How Nuro became the robotic face of Domino’s

Nuro EC-1 Part 3: Partnerships

Pandemic pizza was definitely a thing.

U.S. consumers forked out a record-breaking $14 billion to have pizza delivered to their doors in 2020, and nearly half of that total was spent with just one brand: Domino’s.

“Domino’s is the home of pizza delivery,” said Dennis Maloney, Domino’s chief innovation officer. “Delivery is at the core of who we are, so it’s very important for us to lead when it comes to the consumer experience of delivery.”

U.S. consumers forked out a record-breaking $14 billion to have pizza delivered to their doors in 2020, and nearly half of that total was spent with just one brand: Domino’s.

In its latest TV ad, an order of Domino’s pizza speeds to its destination inside a Nuro R2 delivery autonomous vehicle (AV). The R2 deftly avoids potholes, falling trees and traffic jams caused by The Noid — a character created by Domino’s in the 1980s to symbolize the difficulties of delivering a pizza in 30 minutes or less.

The reality is much more sedate. Domino’s currently has just one R2 that operates from a single Domino’s store on the generally calm streets of Woodland Heights in Houston, Texas. And since the AV’s introduction in April, The Noid has yet to put in an appearance.

“The R2 adds a bunch of efficiencies while not taking away from any existing capabilities,” Maloney said. “As we start getting the bot into regular operation, we’ll see if it plays out the way we expect it to. So far, all the indications are good.”


Nuro and Domnio’s launched the autonomous pizza delivery service in Houston in April this year. Image Credits: Nuro

Partnerships are key for Nuro. The company’s business model is to sign contracts with established brands that either have their own branded vehicles or use traditional delivery companies like UPS or the U.S. Postal Service.

Nuro is carrying out trials and pilot deliveries with a number of companies, including fast casual restaurant chain Chipotle, Kroger grocery stores, CVS pharmacies, bricks-and-mortar retail behemoth Walmart, and, most recently, global parcel courier FedEx. While it is a dizzyingly impressive list for a company less than five years old, their interest was driven as much by global trends as by Nuro’s technology, admits Cosimo Leipold, head of partnerships at Nuro.

“Everybody today wants what they want and they want it faster than ever, but frankly they’re not willing to pay for it,” Leipold said. “We’ve reached a point where almost every company is going to have to offer delivery services, and now it’s just the question of how they’ll do it in the best possible way and with the most possible control.”

Nuro’s delivery AVs — aka bots — offer the tantalizing promise of safe, reliable and efficient delivery without sacrificing revenue and customer data to third-party platforms like Grubhub, DoorDash or Instacart. Alongside Nuro’s stated aim of driving the cost of delivery down to zero, it is little surprise that Nuro now finds itself in the enviable position of being able to pick and choose the partners it wants — and the less enviable position of having to choose which partner to prioritize.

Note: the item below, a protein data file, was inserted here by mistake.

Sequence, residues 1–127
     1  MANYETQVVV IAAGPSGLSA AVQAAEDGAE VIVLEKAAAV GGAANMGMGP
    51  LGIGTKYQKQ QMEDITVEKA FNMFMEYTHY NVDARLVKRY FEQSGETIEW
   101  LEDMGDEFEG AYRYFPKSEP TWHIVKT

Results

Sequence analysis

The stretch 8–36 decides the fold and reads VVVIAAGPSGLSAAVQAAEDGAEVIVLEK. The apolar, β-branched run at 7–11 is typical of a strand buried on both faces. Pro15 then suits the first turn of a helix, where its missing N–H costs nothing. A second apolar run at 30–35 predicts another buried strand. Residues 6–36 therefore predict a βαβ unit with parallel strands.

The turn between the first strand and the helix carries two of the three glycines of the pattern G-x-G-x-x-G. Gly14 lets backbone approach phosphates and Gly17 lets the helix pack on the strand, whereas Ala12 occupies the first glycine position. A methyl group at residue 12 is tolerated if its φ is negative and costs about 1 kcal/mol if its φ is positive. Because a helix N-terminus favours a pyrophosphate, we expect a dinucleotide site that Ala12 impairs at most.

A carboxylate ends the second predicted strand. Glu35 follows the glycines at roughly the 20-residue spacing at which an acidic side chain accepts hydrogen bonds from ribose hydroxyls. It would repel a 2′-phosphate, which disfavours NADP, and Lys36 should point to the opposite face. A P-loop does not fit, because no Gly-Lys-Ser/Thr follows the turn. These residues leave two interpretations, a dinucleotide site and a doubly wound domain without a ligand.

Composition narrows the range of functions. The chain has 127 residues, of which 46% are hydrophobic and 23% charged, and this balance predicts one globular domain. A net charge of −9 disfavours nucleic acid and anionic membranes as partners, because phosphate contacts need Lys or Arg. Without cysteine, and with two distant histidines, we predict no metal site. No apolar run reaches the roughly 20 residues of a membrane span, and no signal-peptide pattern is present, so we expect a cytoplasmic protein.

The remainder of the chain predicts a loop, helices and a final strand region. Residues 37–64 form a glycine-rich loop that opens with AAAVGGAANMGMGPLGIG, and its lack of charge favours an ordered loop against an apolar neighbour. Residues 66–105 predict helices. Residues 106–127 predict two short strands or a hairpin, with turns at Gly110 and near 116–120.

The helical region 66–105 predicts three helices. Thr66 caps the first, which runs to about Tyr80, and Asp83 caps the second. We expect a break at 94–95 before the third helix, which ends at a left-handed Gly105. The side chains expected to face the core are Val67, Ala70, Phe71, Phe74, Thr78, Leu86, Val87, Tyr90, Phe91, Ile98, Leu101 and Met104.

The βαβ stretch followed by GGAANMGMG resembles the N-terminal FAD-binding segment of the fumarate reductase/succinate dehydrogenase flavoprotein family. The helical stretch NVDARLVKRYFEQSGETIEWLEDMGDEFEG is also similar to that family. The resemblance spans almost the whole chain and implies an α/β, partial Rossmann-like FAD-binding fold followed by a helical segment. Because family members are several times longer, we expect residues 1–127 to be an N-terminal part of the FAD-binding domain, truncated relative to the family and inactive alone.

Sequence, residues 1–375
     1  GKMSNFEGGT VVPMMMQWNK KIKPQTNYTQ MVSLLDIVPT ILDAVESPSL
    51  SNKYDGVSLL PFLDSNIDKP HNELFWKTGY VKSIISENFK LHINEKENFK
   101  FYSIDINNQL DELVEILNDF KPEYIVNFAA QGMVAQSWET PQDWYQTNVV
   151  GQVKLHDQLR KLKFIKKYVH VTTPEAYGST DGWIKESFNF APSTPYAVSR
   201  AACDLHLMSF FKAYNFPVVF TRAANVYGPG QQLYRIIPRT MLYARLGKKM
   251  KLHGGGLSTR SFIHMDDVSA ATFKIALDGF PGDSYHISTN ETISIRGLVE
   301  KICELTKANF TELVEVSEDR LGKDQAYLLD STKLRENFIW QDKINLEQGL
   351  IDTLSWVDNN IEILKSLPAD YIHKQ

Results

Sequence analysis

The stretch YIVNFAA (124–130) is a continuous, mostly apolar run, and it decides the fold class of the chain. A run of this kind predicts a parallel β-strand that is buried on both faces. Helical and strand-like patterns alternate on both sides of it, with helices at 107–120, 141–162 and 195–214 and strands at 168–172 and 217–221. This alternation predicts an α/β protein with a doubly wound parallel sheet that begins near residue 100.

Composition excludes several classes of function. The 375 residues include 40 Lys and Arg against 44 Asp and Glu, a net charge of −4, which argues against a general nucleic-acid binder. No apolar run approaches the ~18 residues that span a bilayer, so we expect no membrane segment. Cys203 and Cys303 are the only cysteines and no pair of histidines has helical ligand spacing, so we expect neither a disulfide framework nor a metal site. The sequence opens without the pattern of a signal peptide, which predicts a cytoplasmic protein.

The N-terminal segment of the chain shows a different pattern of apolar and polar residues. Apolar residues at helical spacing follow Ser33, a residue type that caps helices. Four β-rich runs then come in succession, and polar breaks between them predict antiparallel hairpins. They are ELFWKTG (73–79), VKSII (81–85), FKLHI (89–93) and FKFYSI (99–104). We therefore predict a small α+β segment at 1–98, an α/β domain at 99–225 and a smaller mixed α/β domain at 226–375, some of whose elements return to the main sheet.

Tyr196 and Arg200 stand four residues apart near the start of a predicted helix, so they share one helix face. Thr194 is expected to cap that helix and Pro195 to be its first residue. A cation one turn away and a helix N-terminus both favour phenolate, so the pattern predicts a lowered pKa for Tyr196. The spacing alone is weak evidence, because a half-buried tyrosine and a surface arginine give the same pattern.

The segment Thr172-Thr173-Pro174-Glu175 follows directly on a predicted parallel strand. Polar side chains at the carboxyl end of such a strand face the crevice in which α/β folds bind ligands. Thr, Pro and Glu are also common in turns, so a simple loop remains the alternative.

Here’s the story of how one of Nuro’s biggest partnerships came to be, and the lessons and companies that will drive its future growth.

Deliveries with extra cheese

Domino’s has a long history of innovating in delivery, usually accompanied by a strong marketing campaign. In the 1980s, the company bought 10 customized Tritan Aerocar 2s, a Jetsons-styled three-wheeler, for use as delivery vehicles. In 2015, the company unveiled the DXP, a Chevrolet Spark modified with a single seat and a built-in warming oven, designed specifically for transporting pizza.

Two years later, Domino’s collaborated with Ford Motors to explore how autonomous vehicles might transform its business. That effort, in Ann Arbor, Michigan involved a small fleet of Ford Fusion Hybrid autonomous research vehicles, manually driven by safety drivers.

“There was a massive amount of base learning to understand as we started thinking how AVs could impact business models, consumer experiences and all the potential places this could work or could not work,” Maloney said.

While the program was popular — particularly when the car incidentally delivered pizza to excited researchers at the University of Michigan’s robotics lab — Domino’s quickly realized that the retrofitted AV didn’t suit its operations.

“Using a two-ton, people-moving vehicle to move two pizzas weighing less than four pounds makes no sense whatsoever,” Maloney said. “It became really clear to us that the biggest opportunity for us was not a vehicle that had been optimized for moving passengers, but one purpose-built for moving goods.”

A chance encounter at a conference in 2019 led to a meeting where Nuro pitched Domino’s on its zero-occupancy bots. The timing was perfect, as Nuro came to the table with months of experience from its first commercial partner, Kroger.